But when everything is already designed as it “should” be, then it leaves no room for an architect’s will, or his ego. And that is just as it should be, according to Alexander. He derides Modernist architecture precisely because it is so centered on a single person’s ego. He says that modernism was one of the movements that killed pattern languages, and perhaps killed architecture. Modernism is the product of a single architect’s vision which is imposed from the top down. The people that actually occupy modernist buildings and modernist cities have no idea what language the architect is using. Nor does the modernist language resonate with them and their everyday lives. It is foreign to them. They  become victims to someone else’s vision for what their town should be. Take the city of Brasilia, for example, which was designed by modernist architect Oscar Niemeyer. The city is composed of high-rises that surround huge open spaces. It completely lacks a human scale and people who live their report feeling isolated. How a space feels is the ultimate measure of a good space for Alexander. If a space feels good it must have the “quality without a name”. If it doesn’t feel good, it’s not built right.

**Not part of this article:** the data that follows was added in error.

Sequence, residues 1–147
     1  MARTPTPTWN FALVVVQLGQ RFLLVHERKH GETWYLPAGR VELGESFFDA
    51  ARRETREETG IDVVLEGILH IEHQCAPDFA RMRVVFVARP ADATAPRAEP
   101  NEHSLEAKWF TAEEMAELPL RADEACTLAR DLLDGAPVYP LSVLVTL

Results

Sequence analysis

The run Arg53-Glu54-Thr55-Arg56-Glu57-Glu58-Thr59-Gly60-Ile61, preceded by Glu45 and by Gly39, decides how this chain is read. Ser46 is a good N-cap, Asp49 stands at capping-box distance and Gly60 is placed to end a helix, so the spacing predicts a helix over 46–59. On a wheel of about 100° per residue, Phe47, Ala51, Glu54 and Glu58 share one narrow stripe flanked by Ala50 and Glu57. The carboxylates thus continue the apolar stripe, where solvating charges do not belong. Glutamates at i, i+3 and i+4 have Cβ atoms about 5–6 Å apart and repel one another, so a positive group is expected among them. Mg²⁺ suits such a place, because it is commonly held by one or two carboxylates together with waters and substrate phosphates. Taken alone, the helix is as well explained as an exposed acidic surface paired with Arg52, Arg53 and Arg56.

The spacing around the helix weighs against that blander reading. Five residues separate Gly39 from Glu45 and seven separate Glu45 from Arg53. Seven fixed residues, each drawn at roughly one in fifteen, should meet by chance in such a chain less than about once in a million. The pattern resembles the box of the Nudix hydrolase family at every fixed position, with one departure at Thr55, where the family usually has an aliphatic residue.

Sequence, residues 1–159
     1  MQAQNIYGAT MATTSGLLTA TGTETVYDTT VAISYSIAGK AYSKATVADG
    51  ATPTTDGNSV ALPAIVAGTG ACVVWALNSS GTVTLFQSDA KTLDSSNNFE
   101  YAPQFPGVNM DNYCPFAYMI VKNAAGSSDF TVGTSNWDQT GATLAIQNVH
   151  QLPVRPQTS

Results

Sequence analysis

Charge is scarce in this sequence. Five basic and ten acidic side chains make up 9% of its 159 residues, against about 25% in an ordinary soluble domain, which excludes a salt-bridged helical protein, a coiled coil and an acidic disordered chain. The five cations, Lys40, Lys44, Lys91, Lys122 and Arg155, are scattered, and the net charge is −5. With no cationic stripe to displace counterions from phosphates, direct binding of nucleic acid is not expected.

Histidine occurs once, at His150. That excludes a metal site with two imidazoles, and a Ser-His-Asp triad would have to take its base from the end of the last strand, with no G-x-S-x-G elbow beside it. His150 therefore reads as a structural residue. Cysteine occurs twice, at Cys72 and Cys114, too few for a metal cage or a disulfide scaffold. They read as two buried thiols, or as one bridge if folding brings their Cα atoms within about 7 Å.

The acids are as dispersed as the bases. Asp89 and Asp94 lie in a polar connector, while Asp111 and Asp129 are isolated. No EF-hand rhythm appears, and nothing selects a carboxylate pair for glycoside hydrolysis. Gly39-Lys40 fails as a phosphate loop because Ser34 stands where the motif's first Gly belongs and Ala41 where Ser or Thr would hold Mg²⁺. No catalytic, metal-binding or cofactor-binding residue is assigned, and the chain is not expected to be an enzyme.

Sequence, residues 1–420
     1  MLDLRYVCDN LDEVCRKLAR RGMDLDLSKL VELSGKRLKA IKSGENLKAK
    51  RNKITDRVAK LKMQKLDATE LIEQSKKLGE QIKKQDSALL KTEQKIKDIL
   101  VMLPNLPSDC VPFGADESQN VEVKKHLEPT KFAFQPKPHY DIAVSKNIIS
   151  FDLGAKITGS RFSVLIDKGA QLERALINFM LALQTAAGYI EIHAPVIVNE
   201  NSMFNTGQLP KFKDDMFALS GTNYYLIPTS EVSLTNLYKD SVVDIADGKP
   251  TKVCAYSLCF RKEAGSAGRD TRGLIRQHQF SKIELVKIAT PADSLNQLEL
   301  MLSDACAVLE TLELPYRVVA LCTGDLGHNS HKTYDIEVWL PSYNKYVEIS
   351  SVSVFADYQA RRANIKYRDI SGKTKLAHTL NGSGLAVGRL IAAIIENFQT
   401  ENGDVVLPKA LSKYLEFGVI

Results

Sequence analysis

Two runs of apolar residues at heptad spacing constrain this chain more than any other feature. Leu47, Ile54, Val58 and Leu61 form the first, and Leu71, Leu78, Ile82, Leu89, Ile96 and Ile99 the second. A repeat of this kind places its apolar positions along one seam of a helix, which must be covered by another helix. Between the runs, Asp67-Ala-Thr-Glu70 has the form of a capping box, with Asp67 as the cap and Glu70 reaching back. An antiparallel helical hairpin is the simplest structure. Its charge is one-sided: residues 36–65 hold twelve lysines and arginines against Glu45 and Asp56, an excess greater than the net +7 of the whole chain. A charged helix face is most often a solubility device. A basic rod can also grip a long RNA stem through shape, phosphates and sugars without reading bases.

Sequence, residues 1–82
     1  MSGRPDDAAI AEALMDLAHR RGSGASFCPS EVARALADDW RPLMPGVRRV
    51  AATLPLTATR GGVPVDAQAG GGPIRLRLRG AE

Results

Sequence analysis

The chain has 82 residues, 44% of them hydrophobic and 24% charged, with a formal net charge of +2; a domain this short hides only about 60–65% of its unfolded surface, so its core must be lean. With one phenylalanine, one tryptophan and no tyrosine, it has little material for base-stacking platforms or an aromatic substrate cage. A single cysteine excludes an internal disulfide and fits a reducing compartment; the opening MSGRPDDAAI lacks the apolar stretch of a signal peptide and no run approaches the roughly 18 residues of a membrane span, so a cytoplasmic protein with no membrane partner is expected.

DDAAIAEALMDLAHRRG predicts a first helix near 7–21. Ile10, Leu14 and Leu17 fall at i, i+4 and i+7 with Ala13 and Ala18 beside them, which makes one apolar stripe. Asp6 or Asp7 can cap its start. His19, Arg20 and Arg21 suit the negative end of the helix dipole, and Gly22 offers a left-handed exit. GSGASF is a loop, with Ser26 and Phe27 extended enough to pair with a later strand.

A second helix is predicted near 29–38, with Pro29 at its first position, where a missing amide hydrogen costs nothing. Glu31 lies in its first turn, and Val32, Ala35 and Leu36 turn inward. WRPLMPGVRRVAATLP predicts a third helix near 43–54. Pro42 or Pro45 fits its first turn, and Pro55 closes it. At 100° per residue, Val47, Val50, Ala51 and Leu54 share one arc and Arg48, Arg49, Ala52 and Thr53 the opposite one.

This book is essential reading for all architects, even though Alexander’s theories are not generally accepted within contemporary architectural discourse. Ideally this book should be read by everyone, but it is a difficult read. It becomes very esoteric and a little tedious when Alexanders devotes chapter upon chapter to the development of specific patterns. Delving into specific patterns is also where it becomes most suspect to me. While reading about specific patterns that Alexander laid out, I noticed that my mind kept rebelling at those patterns, thinking, well that’s not always true, and what about this circumstance and that? For example, in his pattern Network of Paths and Cars, Alexander asserts that people need some measure of separation from cars for safety but they also like to “be where the action is” and that is where cars are. But this doesn’t explain the extremely successful and populated streets that have been closed to cars and now pedestrian only. Some of the things that Alexander asserts almost as “universal truths” don’t ring true to me.